Raid delivers exactly what you expect from an action film.
An Elite Special forces team is on a covert mission to extract a crime lord in a fifteen-story apartment building. A spotter unexpectedly blows their cover and the crime boss offers a lifelong sanctuary for criminals who kill them. It’s up to rookie Tama to fight through fifteen floors and finish the mission.
The fight between the tenants and the elite force is so violent, intense, and brilliant that it puts western action films to shame. The movie is shot with a handheld camera, which provides frenetic yet crisp action sequences.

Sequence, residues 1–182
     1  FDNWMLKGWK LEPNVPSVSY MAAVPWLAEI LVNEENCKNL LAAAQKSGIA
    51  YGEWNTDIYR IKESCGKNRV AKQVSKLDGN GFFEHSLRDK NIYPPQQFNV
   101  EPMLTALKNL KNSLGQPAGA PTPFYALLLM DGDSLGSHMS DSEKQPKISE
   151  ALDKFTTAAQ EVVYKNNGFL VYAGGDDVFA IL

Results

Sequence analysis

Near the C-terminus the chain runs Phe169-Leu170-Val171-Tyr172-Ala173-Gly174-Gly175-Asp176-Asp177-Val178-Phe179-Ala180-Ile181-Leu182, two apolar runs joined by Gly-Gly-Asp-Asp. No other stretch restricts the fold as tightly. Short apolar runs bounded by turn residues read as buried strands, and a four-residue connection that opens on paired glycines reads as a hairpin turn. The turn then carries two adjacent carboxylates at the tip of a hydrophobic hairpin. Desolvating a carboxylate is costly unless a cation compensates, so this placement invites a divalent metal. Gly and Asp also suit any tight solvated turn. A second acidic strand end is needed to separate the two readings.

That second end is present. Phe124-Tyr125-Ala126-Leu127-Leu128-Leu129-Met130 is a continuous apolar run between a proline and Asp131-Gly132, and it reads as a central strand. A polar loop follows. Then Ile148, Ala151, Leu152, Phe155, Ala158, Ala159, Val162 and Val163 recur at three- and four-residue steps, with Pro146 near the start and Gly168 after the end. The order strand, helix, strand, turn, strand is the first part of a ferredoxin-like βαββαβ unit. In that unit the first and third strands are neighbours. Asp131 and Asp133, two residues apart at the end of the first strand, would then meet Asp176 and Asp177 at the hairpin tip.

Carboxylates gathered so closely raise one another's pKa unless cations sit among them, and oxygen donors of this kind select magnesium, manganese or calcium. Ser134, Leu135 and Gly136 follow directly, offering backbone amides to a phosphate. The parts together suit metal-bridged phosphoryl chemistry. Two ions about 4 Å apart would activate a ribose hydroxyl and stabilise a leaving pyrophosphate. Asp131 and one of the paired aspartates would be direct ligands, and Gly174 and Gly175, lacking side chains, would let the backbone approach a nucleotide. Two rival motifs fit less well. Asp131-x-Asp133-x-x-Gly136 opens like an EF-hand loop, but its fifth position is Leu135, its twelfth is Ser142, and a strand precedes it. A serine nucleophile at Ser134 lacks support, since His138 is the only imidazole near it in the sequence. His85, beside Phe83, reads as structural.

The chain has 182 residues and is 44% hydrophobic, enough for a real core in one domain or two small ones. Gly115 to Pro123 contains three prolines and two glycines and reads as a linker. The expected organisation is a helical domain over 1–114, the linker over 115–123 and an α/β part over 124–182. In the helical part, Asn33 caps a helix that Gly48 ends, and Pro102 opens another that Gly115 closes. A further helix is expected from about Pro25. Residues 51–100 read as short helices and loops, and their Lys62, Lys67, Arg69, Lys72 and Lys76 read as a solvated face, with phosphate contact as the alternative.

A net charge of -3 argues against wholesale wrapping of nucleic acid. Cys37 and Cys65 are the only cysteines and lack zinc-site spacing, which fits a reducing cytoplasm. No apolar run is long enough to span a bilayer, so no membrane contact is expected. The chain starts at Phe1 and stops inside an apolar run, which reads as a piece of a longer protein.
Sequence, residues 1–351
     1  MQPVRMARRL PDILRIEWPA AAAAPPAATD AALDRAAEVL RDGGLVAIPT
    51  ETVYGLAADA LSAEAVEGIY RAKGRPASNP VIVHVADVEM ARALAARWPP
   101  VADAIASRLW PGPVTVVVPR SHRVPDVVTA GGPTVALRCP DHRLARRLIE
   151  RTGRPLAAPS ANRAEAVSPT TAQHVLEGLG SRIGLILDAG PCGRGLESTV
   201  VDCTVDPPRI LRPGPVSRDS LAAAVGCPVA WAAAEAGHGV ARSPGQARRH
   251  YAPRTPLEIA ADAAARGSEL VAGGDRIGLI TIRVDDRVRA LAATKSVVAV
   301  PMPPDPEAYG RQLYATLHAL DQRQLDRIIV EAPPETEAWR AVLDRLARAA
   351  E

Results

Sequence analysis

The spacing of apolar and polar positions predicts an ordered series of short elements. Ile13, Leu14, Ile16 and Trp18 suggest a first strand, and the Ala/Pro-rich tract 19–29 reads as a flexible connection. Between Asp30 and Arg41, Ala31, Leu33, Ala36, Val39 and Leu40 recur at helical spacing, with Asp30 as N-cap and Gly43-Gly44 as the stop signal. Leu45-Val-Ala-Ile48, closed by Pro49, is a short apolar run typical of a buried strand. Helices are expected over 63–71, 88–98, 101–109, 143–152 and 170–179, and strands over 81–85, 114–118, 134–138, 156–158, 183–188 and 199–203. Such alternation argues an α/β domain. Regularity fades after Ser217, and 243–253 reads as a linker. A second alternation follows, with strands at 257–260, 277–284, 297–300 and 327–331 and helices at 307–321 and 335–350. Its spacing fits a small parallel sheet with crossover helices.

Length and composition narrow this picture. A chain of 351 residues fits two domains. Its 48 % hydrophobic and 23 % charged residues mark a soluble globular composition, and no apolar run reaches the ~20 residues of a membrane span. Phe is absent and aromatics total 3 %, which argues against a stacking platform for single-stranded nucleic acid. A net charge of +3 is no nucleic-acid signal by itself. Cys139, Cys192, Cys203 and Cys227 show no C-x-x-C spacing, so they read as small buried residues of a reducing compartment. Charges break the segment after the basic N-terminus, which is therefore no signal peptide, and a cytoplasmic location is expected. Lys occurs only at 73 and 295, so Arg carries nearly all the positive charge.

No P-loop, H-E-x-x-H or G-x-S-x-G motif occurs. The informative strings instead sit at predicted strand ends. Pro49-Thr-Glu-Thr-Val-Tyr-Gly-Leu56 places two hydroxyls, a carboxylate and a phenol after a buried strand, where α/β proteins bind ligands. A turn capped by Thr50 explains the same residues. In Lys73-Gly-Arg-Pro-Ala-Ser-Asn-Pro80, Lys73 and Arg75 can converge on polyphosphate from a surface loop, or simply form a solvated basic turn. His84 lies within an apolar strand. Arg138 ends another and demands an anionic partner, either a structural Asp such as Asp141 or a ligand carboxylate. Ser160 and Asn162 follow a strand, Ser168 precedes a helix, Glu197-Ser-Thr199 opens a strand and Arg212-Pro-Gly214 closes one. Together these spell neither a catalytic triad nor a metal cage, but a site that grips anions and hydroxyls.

The movie wisely winds down the gunfight into martial arts where the actors excel best. The result is pure entertainment of hand combat with knives, machetes, and plain fists. The Raid features Pencak Silat, which will hopefully garner more global attention just like Kung Fu.
The production design is modest but cleverly borrows from videogames. Tama encounters everything from low-level criminals to skilled henchmen as he clears a number of floors to get to the top.
Everything else in this movie is tacked on – flimsy characters, barely story, and incoherent narrative. But The Raid has a single purpose and serves it well.
Iko Uwais, a former delivery boy from a phone company in Jakarta, is an action star worth following.
The Raid provides a pure dose of thrilling inventive action that you won't mind its thinly sketched characters and story.